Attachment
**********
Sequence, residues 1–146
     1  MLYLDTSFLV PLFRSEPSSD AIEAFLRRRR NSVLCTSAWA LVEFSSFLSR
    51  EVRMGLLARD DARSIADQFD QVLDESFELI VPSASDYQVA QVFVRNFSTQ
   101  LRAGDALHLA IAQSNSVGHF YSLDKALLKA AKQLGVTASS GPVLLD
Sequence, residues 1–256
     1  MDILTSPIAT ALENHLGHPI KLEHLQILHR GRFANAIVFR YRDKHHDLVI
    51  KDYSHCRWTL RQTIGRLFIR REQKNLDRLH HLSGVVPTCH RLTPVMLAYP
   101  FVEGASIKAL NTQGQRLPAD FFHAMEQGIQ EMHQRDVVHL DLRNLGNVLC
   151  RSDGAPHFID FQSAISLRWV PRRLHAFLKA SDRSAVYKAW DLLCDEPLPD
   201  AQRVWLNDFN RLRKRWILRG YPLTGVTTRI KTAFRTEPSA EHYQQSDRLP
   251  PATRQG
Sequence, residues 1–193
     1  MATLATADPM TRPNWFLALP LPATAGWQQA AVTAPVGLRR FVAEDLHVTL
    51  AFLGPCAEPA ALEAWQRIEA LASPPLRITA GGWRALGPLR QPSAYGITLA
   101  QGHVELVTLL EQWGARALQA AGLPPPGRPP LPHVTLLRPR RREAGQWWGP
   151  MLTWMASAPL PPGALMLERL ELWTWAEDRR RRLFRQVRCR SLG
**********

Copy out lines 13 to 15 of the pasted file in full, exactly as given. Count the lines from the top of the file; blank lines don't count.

     1  MATLATADPM TRPNWFLALP LPATAGWQQA AVTAPVGLRR FVAEDLHVTL
    51  AFLGPCAEPA ALEAWQRIEA LASPPLRITA GGWRALGPLR QPSAYGITLA
   101  QGHVELVTLL EQWGARALQA AGLPPPGRPP LPHVTLLRPR RREAGQWWGP